Baltimoreans bemoan continued mail delays as postmaster general touts new 10-year service plan

On the fifth straight day without mail, David Maulsby stopped by the Druid Station Post Office in Baltimore.

Mostly, he just wanted to make sure that his postal carrier was all right.


“She knows my name, and she knows my dog’s name and she waves to me when she goes by in her truck,” Maulsby said.

So, she was missed on the streets of his Bolton Hill neighborhood this past week. But Maulsby’s questions at the post office yielded little clarity about the mail outage.


“My biggest grievance is that it happens and they’re not admitting it,” he said. “And they’re not disclosing a plan to fix it.”

It’s unclear exactly how many in the Baltimore area and around the country are still battling episodic or enduring mail delays, more than a year into the coronavirus pandemic, and months after the United States Postal Service began lamenting a historic influx of winter holiday mail. But complaints have persisted.

Freda Sauter, regional spokeswoman for the Postal Service, said COVID-19 is to blame for the slowdown in parts of Baltimore, although she said the staffers that serve Bolton Hill continued to deliver the mail.

“While the coronavirus pandemic impacted some mail deliveries in parts of the city last week, we have taken appropriate actions within our control to ensure mail deliveries continued,” Sauter said in an email. “We believe mail deliveries have returned to normal. We apologize for any inconvenience and we thank our customers for their patience and understanding.”

On Monday, finally, Maulsby received a few envelopes once more. But worries about the state of USPS linger.

Ever since service cuts arrived in proximity to November’s presidential election, criticism has been aimed squarely at Postmaster General Louis DeJoy. Back then, critics accused DeJoy, once a Republican Party fundraiser, of politicizing the service, and using it to slow the arrival of mail-in ballots that would likely favor Democrats.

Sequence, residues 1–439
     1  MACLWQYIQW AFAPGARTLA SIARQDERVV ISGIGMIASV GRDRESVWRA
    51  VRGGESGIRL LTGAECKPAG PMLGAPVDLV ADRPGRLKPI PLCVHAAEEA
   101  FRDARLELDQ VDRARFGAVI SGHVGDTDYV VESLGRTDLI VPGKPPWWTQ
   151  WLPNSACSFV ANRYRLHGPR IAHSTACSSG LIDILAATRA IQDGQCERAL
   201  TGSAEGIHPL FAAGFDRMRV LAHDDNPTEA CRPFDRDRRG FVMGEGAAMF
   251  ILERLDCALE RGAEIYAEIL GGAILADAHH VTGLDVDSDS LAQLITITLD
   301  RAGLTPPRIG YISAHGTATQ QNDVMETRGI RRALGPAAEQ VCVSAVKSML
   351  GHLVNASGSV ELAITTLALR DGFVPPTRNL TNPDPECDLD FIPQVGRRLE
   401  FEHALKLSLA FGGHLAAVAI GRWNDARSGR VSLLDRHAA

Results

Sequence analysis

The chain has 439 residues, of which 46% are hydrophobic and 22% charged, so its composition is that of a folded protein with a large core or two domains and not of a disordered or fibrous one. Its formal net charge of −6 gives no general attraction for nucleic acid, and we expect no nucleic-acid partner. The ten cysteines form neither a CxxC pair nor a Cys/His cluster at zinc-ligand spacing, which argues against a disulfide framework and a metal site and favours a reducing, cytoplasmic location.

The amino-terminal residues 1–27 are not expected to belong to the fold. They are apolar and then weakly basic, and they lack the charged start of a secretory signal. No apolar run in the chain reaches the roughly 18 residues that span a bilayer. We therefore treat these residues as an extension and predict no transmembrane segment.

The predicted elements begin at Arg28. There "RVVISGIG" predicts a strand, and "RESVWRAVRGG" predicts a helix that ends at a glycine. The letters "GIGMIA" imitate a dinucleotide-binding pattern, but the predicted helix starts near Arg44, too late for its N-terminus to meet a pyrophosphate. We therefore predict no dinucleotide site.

Some of those cuts were blocked in federal court, but DeJoy’s plans for the Postal Service extended far beyond November. Last month, DeJoy exhibited his 10-year plan for the agency, which involves higher prices for postage and extending the window for first-class mail from one-to-three-days to one-to-five-days.

The plan also mentions consolidating “low-traffic” post offices or decreasing their hours of operation and an increasing the post office’s focus on packages as letter volume declines.


Some Congressional leaders have raised red flags, and Democrats are hoping their nominees for the Postal Service board, which is the only entity with the power to oust DeJoy, can right the ship after they take the majority.

But DeJoy says the cutbacks are necessary for a postal service where profitability languished long before the pandemic, which also has costly obligations to retirees. The postmaster said his proposal will make the post office profitable again by fiscal year 2024, rescuing it from $160 billion in projected losses over the next 10 years.

Regardless, the controversy is already playing out in America’s neighborhoods, where deliveries show up late — if at all — and mail trucks disappear.

For Rick Kulacki, a 44-year-old resident of the Colgate neighborhood on the Eastern edge of Baltimore City near Dundalk, mail issues have been pervasive.

A thank-you card sent from Florida in January arrived in April. A package sat in the Baltimore distribution center for four to five days. Outgoing letters sat in his mailbox for three.

“There are some weeks that I get mail delivery one time a week,” he said. “I’ve actually had mail delivered to the house here as late as 9:30 p.m.”